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ON CERTAIN CLINICAL FEATURES OF EPIDEMIC INFLUENZA.

HOWARD S. ANDERS, A.M., M.D.
JAMA. 1901;XXXVI(11):709-712. doi:10.1001/jama.1901.52470110011002b.
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In its symptomatic manifestations influenza is the hysteria of epidemic disease. Its puzzling obscurities, unique development, grotesque variations, distressing complications, and surprising sequels, make it paradoxically a type of the atypical in the class of infectious diseases, as is its functional analogue among the neuroses. No tissue seems too hidden; no structure, too strong; no function, too staple; no organ, too resistant, nor organism too robust to escape its Briarean grip.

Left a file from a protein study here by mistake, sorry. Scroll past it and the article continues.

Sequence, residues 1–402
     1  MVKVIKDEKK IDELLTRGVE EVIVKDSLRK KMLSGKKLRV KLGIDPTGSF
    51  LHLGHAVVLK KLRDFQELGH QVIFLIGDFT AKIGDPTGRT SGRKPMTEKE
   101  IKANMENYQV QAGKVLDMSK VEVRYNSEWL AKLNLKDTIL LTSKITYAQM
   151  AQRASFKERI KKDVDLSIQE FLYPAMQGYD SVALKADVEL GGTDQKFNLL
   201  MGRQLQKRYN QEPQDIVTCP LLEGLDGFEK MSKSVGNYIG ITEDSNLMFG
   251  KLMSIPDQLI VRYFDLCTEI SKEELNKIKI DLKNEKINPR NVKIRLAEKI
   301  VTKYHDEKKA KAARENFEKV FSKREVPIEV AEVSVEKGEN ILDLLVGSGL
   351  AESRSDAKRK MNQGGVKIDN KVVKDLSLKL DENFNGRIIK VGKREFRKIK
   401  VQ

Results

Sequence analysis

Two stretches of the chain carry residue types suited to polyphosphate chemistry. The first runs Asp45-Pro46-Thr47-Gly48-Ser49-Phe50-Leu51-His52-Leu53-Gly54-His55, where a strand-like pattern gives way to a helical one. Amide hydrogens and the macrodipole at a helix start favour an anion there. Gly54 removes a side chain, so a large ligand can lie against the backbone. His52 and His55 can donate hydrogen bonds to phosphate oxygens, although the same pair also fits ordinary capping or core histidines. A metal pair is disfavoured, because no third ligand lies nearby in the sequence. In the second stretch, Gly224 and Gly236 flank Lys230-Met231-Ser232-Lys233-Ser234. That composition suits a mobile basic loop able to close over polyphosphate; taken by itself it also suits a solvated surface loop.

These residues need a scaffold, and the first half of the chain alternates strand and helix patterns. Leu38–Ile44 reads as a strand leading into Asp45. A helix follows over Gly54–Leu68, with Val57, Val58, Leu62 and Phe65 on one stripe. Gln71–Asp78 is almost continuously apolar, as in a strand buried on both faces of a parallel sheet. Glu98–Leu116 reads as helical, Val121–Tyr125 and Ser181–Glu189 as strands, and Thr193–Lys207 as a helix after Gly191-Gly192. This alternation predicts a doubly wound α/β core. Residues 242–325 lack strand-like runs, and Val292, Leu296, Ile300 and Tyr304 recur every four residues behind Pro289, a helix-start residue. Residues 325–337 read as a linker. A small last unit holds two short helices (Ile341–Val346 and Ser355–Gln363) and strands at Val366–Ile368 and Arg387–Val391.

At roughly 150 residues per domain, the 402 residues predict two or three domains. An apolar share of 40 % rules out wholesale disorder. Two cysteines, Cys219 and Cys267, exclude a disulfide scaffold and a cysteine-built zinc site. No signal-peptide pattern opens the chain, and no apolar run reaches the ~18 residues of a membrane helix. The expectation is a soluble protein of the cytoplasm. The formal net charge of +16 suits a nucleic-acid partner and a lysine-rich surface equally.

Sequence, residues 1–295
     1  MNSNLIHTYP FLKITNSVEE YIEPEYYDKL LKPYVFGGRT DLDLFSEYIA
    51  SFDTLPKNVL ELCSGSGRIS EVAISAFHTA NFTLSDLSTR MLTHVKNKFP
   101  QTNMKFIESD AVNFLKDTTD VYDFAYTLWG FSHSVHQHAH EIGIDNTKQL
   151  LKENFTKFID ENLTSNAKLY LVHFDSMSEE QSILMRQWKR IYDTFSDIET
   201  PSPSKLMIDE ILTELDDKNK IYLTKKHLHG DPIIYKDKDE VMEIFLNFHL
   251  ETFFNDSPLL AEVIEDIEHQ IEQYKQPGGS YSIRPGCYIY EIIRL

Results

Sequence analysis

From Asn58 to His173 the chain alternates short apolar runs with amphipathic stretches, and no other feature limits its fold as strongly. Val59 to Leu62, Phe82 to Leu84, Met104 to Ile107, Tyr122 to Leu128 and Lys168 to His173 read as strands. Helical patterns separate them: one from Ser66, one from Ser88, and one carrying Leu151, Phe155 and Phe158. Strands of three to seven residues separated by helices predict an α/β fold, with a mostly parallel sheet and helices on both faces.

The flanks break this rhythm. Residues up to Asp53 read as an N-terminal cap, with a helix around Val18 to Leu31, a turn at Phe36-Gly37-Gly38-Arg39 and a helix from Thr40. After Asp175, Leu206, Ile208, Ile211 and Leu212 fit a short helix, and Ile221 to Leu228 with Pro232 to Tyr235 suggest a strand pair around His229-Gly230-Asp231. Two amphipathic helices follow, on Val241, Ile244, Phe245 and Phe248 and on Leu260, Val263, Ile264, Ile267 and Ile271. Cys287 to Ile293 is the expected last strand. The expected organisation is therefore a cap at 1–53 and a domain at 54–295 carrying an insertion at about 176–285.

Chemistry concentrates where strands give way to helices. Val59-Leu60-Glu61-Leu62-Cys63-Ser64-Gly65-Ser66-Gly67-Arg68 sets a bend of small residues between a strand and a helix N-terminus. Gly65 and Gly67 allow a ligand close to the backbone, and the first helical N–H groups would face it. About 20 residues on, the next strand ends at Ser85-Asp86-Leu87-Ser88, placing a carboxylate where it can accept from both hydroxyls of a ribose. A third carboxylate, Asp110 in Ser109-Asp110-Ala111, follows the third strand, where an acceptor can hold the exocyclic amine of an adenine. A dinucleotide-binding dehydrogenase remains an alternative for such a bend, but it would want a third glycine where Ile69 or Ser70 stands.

This introductory arraignment is not stated as a proposition for subsequent proof—that is hardly necessary in the presence of practitioners, most of whom have already made a similar induction—but simply as a potential head from which the octopus-like tentacles grow, reach out, suck and sap their victims in the many ways more specifically referred to in what follows. My observations and deductions are based upon an analysis of 128 cases of influenza.

Onset.  —The type of onset most frequently

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